Innovation starts with the heart—with a passion for improving the lives of those around you. When the iPad was introduced, Jony Ive, Apple’s head of design, talked about his passion for creating things that seemed “magical”—that were so far beyond what any customer might have imagined, they seemed like wizardry. You don’t achieve this by paying attention to customers, by putting them first, or even delighting them. You do it by setting out to amaze them—and it all begins with an attitude.
Our #MIXMashup Twitter feed crackled with energy throughout the event. In review, it offers up a vibrant collective picture of the highlights, big ideas, special moments, and little details. To make it easy for you to relive the event, we’ve culled through thousands of clever tweets to come up with an abridged Tweet Report.
These represent the ideas you swarmed around and that resonated throughout the day. Along with the big insights, we were gratified to see so many tweets about the energizing connections, enlivening setting, nourishing food, and refreshing design.
Welcome to the MIX Mashup live blog. This year's program is packed with exciting speakers, profound insights, and radically practical approaches to making all organizations fundamentally more resilient, innovative, and inspiring. Check this page regularly throughout the day for key insights, big ideas, memorable quotes and photos of the event as it unfolds.
Large organizations of all types suffer from an assortment of congenital disabilities that no amount of incremental therapy can cure. First, they are inertial. They are frequently caught out by the future and seldom change in the absence of a crisis. Deep change, when it happens, is belated and convulsive, and typically requires an overhaul of the leadership team.
The full agenda for the 2014 MIX Mashup (November 18-20, 2014) is posted. It’s going to be two days of agenda-setting thinking and in-the-trenches storytelling around such questions as: How do we change the way we change? What will it take to (finally) kill bureaucracy? How can you embed innovation? How do you hack management?
If you’re not already excited to spend two days with the most pioneering leaders, courageous hackers, and agenda-setting thinkers reinventing organizations, here are TEN reasons not to miss this year’s event:
We’re delighted to announce several new speakers for this year’s MIX Mashup (New York City | November 18-20, 2014).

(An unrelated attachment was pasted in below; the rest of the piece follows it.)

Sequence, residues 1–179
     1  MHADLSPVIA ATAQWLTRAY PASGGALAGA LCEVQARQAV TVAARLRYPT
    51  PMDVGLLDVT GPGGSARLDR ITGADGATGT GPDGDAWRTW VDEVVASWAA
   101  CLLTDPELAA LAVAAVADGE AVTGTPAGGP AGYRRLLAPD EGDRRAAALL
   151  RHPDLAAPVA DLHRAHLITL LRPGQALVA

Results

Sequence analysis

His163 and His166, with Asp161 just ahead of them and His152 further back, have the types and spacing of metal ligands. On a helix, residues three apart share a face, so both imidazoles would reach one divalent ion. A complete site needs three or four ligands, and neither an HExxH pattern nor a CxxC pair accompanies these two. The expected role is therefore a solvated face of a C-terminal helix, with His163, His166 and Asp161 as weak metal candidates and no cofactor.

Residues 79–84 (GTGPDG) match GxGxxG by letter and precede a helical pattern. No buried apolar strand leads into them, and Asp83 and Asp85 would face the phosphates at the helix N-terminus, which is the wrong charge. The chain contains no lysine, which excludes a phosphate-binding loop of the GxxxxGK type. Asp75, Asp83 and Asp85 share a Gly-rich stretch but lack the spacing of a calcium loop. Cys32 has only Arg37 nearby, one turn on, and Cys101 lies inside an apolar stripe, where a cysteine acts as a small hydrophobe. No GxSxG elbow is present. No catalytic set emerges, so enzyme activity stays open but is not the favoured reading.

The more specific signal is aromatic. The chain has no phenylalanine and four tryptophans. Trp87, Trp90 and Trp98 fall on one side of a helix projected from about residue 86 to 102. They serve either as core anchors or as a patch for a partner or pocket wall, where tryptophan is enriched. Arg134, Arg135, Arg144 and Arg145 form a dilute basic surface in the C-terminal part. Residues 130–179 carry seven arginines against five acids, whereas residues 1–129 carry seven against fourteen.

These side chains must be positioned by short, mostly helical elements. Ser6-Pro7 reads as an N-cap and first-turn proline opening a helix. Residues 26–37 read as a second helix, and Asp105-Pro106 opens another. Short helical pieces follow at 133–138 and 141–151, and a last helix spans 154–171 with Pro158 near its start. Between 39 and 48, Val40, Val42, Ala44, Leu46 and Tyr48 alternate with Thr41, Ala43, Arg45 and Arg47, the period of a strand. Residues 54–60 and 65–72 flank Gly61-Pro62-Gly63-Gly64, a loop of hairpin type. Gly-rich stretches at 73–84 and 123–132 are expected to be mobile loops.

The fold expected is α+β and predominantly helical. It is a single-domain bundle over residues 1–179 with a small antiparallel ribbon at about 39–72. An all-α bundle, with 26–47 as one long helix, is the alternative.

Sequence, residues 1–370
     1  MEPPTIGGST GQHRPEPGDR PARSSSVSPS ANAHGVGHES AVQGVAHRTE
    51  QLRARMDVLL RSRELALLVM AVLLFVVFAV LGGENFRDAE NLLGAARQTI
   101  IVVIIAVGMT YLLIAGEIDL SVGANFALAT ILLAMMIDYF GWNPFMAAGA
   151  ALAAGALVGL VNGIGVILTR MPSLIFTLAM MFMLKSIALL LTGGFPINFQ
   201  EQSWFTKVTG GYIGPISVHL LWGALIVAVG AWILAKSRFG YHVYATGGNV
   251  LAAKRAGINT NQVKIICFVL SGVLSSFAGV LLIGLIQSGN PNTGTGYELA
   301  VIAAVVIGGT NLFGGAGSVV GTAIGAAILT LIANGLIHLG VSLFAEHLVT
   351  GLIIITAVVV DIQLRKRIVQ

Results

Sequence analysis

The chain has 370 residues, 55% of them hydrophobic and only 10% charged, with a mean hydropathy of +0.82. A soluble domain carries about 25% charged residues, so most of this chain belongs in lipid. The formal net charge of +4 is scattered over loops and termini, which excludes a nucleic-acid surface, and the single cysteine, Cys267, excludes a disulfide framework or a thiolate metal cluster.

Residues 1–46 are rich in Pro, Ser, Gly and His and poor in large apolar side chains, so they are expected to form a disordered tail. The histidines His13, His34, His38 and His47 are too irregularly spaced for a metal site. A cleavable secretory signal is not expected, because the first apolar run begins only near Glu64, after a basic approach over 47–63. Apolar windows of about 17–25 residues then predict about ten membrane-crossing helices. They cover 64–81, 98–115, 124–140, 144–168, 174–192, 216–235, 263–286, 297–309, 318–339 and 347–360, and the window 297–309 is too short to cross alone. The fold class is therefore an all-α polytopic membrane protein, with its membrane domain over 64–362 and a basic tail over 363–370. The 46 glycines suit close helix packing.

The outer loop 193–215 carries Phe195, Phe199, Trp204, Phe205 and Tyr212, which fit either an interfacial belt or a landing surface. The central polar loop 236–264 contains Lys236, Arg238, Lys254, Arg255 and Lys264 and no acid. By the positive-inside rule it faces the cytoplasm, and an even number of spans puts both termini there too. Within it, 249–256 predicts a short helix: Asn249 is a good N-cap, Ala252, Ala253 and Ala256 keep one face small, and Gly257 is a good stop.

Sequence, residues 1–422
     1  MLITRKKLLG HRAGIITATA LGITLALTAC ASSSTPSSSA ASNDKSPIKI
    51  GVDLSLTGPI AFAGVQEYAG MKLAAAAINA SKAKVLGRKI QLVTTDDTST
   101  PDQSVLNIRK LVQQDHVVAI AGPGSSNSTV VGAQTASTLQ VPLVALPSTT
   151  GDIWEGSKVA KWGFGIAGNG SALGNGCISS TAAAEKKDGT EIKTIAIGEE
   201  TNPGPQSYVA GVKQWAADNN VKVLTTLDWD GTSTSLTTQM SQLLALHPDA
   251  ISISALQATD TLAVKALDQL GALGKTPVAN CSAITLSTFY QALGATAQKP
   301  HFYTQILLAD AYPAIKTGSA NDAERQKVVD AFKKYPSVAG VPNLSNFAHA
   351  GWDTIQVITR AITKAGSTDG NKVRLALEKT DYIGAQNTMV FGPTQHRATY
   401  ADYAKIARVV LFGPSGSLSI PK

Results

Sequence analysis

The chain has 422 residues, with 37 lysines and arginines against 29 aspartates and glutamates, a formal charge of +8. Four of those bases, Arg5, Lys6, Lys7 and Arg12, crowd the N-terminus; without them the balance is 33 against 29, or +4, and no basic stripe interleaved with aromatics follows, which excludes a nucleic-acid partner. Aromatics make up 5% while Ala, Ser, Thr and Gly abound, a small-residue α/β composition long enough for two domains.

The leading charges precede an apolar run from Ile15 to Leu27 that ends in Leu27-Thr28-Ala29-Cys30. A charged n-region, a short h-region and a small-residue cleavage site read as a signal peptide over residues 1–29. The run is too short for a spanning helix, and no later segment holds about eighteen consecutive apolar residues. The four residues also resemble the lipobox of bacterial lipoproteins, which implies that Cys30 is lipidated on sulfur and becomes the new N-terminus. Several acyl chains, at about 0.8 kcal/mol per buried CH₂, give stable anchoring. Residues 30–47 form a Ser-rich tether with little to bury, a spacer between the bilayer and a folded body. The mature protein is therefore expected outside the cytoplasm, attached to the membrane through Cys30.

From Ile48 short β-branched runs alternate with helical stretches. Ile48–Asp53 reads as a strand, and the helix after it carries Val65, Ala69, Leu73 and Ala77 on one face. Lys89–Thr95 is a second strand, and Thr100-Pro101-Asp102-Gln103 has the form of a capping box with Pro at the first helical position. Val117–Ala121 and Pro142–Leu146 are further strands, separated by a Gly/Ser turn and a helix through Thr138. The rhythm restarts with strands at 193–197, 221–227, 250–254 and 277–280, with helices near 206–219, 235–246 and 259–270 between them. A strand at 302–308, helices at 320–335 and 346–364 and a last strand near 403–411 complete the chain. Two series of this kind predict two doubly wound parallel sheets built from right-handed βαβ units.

First up: Denise Young Smith, Apple's head of human resources and a new force for post-bureaucratic practices inside the company, will talk about what it takes to cultivate a switched-on community of contributors at every level—and what a true culture of inclusion looks like.
We are getting revved up for MIX Mashup 2014—and we hope you are too. We’re working hard to develop a program and create an experience that’s even more powerful and rewarding than our inaugural event.
We’ll be featuring the most provocative and pioneering thinkers and leaders reinventing organizations and changing the way we change; we'll go deep into the insights and lessons learned by in-the-trenches management innovators, and we'll not only inspire, but equip you to launch your own experiments and make a real impact in your own organizations and the wider world.
Today, we’re delighted to share some of the speakers we have lined up for you, as well as some of the core themes we’ll be exploring together.
We are delighted to announce this year’s MIX Mashup: three days of the most progressive thinkers, disruptive ideas, and powerful practices making our organizations fit for the future—and fit for human beings.
This year, the MIX Mashup will be held in New York City on November 18-20, 2014.
The MIX Mashup gathers the vanguard of management innovators—pioneering leaders, productive rebels, courageous experimenters, and agenda-setting thinkers from every realm of endeavor. The event is designed to showcase advanced thinking and ambitious experiments—and to inspire, equip, and connect aspiring management innovators in the collective project of reinventing management for a new age.
This summer, it’s Walter Isaacson’s biography of Steve Jobs’ singular genius that seems to be propped open on beach towels, in hammocks and at every third airplane seat. As fascinating as Jobs’ person, career, and legacy are, the intense interest in his insane greatness raises a question. What if we directed that level of intensity and interest at awakening the genius (if slightly less great and hopefully less insane) inside of each and every one of us—each child, each student, each parent, each working person?